The Soundtrack of Surveillance

Design by Sara Offer

“Let’s follow each other on Spotify!” A fun, harmless suggestion—one you might receive after getting to know someone for a few weeks. But there is a hidden dark side, and once you share your profile, there is no going back. All of a sudden, this new follower is privy to your deepest emotions, your constant activities, and your entire social circle, including all your failed talking stages and situationships.

Since Spotify launched in 2008, it has skyrocketed to become one of the most popular music streaming platforms with over 551 million users. Part of this traction can be chalked up to the app’s comprehensive social dimension. People are able to follow each other, “like” other user-created playlists, and, most importantly, see their friends’ listening activities in astonishing detail. 

All of these features create a breeding ground for the fascinating cultural phenomenon of Spotify stalking, the practice of monitoring your friends’ listening activity to an almost disturbing extent and using the platform to gather intel about people. On Spotify, it is a given that all users stalk. If anything, it would be a misuse of the platform not to. Besides, it would be neglectful of your closest friends—you don’t care enough to be there while they loop Lana Del Rey and Mitski from their “sad girl hours” playlist at midnight? Slacker.

Some of you may be thinking: “I would never stalk someone on Spotify! That’s so weird!” It is important to note that all Spotify users can be sorted into two types of stalkers. There are those who stand honest and proud, begging for your Spotify and following your listening activity maybe a little too intently.  Then, there are those who scoff at the very idea—invoking privacy laws and warning you of Big Brother. But even the strongest wills are bound to fall, and these people will eventually be caught Spotify-stalking their ex-situationship after a month of being ghosted. 

Therefore, since virtually everyone stalks each other on Spotify, it is necessary to keep your profile presentable at all times. Maintaining an aesthetic yet chill vibe is of utmost importance. Playlists have to be relatable yet enigmatic; the title not only has to evoke a deep sentiment but also prove that the creator experiences it more intensely than anyone else. Not too elusive, though, or it risks looking like overcompensation.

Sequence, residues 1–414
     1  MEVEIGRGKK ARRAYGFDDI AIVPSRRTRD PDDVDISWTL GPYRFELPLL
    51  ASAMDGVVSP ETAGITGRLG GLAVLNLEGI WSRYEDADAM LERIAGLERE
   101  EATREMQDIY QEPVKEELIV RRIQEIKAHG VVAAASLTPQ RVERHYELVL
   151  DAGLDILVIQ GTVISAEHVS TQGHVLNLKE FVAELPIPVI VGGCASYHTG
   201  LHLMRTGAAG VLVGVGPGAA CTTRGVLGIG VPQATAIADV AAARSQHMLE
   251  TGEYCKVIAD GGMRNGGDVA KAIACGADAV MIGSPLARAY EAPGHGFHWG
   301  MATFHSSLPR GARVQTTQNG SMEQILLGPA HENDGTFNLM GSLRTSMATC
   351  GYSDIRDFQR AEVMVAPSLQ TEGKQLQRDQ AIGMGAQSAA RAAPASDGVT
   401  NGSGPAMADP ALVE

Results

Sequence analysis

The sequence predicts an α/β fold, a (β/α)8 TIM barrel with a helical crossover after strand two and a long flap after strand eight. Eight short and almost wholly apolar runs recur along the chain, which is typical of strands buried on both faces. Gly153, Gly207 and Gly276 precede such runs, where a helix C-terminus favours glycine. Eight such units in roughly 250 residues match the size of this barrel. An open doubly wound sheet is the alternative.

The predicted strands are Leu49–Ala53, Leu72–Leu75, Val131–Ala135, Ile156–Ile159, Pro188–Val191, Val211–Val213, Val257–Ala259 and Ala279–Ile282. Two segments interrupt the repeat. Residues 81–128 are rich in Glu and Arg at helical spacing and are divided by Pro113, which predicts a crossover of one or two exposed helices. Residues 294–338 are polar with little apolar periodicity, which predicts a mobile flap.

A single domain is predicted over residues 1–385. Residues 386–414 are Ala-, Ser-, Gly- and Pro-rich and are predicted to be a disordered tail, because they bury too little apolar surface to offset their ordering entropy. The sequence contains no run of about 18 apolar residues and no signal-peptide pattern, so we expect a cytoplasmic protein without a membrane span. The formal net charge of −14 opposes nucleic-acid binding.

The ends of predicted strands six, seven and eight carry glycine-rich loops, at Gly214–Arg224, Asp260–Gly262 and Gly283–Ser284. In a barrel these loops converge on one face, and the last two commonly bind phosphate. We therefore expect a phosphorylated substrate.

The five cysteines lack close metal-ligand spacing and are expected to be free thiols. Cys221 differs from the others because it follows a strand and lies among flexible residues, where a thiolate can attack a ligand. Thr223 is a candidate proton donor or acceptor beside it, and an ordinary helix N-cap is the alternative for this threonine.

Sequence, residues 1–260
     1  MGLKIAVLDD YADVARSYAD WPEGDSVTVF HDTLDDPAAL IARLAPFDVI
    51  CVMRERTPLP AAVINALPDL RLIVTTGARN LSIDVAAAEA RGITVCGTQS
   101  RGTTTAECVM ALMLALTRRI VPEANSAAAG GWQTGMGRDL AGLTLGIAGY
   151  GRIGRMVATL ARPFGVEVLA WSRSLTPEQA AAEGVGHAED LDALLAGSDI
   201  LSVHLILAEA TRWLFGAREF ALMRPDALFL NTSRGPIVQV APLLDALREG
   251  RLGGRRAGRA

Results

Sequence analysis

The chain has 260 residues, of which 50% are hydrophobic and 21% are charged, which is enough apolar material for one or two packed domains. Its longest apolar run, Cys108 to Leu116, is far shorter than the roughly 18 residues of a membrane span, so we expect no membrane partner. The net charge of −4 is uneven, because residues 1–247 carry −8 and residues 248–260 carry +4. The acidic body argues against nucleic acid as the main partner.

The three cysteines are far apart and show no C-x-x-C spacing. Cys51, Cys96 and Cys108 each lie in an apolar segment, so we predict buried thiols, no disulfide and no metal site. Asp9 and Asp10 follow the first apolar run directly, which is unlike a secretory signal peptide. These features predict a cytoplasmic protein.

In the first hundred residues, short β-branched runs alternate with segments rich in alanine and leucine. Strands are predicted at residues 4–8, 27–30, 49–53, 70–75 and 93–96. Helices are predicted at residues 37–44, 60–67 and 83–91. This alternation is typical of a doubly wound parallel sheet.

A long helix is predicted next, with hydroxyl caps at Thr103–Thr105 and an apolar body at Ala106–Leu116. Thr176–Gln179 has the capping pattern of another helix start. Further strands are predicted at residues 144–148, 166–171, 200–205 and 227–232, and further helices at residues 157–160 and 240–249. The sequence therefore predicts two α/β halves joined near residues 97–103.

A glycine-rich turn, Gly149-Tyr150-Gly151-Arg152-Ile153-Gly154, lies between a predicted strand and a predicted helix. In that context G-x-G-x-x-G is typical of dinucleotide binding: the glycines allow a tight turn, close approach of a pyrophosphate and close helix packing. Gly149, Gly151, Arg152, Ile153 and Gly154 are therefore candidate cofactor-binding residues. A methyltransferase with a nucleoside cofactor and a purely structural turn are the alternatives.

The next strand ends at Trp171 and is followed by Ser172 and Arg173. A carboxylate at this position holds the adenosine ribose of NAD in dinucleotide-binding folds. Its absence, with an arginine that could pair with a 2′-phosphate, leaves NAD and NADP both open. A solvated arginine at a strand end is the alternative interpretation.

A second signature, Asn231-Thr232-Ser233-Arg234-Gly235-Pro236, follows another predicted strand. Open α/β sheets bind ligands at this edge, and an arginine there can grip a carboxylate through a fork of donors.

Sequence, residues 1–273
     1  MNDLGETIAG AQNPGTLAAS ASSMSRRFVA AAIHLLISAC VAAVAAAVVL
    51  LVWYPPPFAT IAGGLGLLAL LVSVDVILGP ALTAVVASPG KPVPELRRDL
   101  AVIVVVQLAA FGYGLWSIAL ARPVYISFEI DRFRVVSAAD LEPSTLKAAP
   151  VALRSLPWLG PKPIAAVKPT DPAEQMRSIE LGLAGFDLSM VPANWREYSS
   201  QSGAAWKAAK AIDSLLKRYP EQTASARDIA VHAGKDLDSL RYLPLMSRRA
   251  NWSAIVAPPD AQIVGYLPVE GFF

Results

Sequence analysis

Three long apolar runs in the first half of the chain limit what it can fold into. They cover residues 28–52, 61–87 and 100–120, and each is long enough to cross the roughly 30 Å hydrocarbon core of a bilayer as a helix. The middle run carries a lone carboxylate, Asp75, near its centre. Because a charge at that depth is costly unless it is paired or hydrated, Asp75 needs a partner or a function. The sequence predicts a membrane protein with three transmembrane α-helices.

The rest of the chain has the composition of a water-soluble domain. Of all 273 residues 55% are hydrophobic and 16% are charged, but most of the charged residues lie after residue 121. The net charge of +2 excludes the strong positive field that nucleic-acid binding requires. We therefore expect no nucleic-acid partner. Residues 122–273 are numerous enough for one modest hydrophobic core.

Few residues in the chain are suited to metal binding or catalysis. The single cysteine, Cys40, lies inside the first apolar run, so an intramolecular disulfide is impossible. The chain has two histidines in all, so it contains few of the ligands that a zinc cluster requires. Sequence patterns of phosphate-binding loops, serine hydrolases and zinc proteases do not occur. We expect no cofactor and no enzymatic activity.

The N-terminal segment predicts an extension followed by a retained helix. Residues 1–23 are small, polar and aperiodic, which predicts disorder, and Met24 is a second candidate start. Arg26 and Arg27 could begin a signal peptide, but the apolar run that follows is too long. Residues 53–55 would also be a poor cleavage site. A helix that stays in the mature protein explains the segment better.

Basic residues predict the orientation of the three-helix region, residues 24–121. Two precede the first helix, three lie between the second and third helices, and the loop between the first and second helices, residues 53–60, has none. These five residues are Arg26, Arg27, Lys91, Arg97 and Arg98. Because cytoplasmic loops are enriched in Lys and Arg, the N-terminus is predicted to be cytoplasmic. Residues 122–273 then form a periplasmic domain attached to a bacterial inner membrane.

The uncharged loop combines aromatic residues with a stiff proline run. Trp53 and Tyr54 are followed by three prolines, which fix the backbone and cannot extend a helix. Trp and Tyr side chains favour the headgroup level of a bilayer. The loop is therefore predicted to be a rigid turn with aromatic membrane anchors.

Heartbreak and pining becomes “i am nothing without you”: I listen to The Smiths, read Dostoevsky, and write love letters that never get sent. Teenage angst is titled “are we still friends?”: featuring TV Girl and Current Joys (but it must be clarified that I discovered them before TikTok did). To prove that you are a true underground music listener and this compilation of 18-30 songs is fundamentally yours, it is critical to match an ever-idiosyncratic playlist title with the perfect playlist cover photo. Book annotations, aesthetic Pinterest visuals, blurry flicks of late night hangouts, etc. Leaving a playlist with the default 4-square album cover is akin to Picasso painting a masterpiece and forgetting to sign it. 

In this age of social networking, it is absurd that Spotify is not considered a true social media platform. Who wants an aesthetic Instagram feed when you can have a cohesive Spotify playlist collage? Staying updated on your friends’ lives through Snapchat stories should be replaced with constantly monitoring their listening—which, arguably, provides a more honest look into what they’re up to. You can soft launch on Spotify with a subtle playlist titled “butterflies” that features Laufey and Faye Webster, or go official with a collaborative playlist labeled with you and your partner’s ship name…the possibilities are endless. Who needs the brazen theatrics of modern-day social media when we have the lowkey yet artful parlor that is Spotify?

The first person I ever Spotify-stalked was my hot driving instructor. He briefly pulled up the app to play his favorite band as we cruised down the interstate, and curiosity drove me to find his profile that night. Naturally, I was disappointed with what I found: he was about 30 years old and fanatically into country music. However, that inspired in me a deep appreciation for this art, and since then, the Spotify-stalking endemic has seeped so deep into my bones that it has completely altered my self-perception. My profile is my pride and joy so much so that I go on my friends’ computers to see what it looks like from their perspective, ensuring my aesthetic is polished and welcoming for others’ stalking. When I take my headphones off after a long day, I ensure I end on the perfect song. I am leaving my legacy, letting my superior music taste memorialize on my friends’ sidebar until the next morning.

As fun as Spotify-stalking is, I cannot ignore its consequences. Listening to music is no longer just a hobby; Spotify is a full-time job, and I am contractually unable to take leave. That said, I cannot imagine not being inextricably connected to my friends through the melodic lives we share in our headphones. I love seeing all their little profile pictures on my sidebar, each with their own little worlds. Even if our friendship is in tatters from repeatedly criticizing each other’s listening activity, even if I scare off potential suitors by secretly finding out far too much about them just based on their profile, I cannot deny my nature. I am a proud Spotify stalker. 

Leave a Reply